In the Light of What We Know by Zia Haider Rahman.
This is one of the best fiction books I've read this year so far. Loved it. Through a conversation between two estranged friends that takes place during the 2008 financial crisis, Haider Rahman explores our globalized, often roots-less world. The narrator comes from relative privilege, his interlocutor, Zafar, is from a poor, rural area in Bangladesh. Both educated at Oxford, they reunite after many years and discuss all that has occurred in the in-between.
Here are a few of my favorite passages and some thoughts about how they are relevant and meaningful:
"All we know is that we don't want it to stand for nothing. So we dive headlong into becoming heroes, becoming the big swinging dick on Wall Street or the rock star or hot-shot human rights lawyer. Which is about making our lives stand for something that our intelligence can grasp, saving us from confronting what we fear might be true—or what we would fear if we gave ourselves the chance—namely, that we're accidental pieces of flesh, mutton without meaning."
Fashionably existentialist, right? But the analysis, though clearly coming from Zafar's frustrated, oft-angry self, also shows what I believe to be a very real phenomenon—the unexamined pursuit of status and worldly success. Not that success or status are bad things at all, no way. But when we substitute them for meaning we run the risk of being slightly empty. Perhaps all meaning is constructed, and if so, I'd like to be as considered and careful as possible in constructing that meaning.
"Therein lies the heart of the matter: England and an English education, in which to carry knowledge was a social act, a statement of class and position...They [they students and faculty] inflated what little they knew to fill the voids. Because everyone knew and accepted this—a prerequisite of being in denial—no one upset the precarious suspension of disbelief, everyone was complicit in stage managed pretense. This then, right here, against the stone and ivy, beneath leaded windows and time-beaten timbers, is where my hate began. In England, the root of true, rightly guided power, the essence of authority, was not learning but the veneer of knowledge."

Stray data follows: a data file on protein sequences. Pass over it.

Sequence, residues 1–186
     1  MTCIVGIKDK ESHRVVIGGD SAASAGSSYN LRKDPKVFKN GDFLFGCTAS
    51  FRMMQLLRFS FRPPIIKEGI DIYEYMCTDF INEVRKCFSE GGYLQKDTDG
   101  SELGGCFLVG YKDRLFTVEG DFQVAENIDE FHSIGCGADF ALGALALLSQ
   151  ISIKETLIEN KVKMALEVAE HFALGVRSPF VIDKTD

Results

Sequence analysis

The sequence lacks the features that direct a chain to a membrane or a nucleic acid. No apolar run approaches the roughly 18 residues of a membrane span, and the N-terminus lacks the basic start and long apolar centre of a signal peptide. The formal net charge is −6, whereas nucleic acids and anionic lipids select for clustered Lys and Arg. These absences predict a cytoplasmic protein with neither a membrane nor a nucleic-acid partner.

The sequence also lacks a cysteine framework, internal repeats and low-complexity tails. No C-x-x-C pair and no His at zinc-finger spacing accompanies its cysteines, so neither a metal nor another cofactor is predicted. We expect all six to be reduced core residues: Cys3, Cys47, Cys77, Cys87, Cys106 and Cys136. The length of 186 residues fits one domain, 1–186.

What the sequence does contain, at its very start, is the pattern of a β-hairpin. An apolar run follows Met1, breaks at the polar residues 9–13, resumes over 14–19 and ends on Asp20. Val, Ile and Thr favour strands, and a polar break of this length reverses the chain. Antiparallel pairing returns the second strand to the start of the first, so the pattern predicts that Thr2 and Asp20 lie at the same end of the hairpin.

This passage reminds me of a portion of Peter Thiel's recent(ish) talk with Tyler Cowen on the future of innovation. Around minute 47-48 he talks about how many institutions of higher learning are long on status and short on substance and that he would be the opposite, understandably.
I'm also very interested in the hidden costs of knowledge pretense. "Filling the voids" with unfounded opinions, though they may sounds nice, has the potential consequence of making us think we really do know a lot. As Mark Twain memorably put it: "It ain't what you don't know that gets you into trouble. It's what you know for sure that just ain't so." Therefore, assuming a certain level of knowledge, the more we think we know, the more trouble we invite. Maybe in the form of a fist to the face.
"In our conversation in those wintry days, there was always a quality of longing about them...Longing for what? When Zafar spoke about the past, I felt the presence of many pasts, the one that was spoken, but also other unlived lives, the lives uncaused, yet imagine. There is not one past but many, and every memory carries the spirit of them all."
This passage struck me simply because I have personally found it to be true. When reliving, recounting, or generally just thinking about my past I often can't help but fall into the pattern of "What if?" questions. Ultimately the narrator is suggesting that our memories are not just records of what happened but what could have happened. This makes them liable to inspire regret or "longing" as the narrator puts it. But maybe in examining those uncaused memories, the ones that could have been we can find hints about what we want, who we are, how we think.
Ultimately, In the Light of What We Know is one of those "big novels." It doesn't shy away. It persistently addresses the themes of meaning, memory, friendship, knowledge and many others. Perhaps I am a sucker for this type of book but I still think it's a worthwhile read!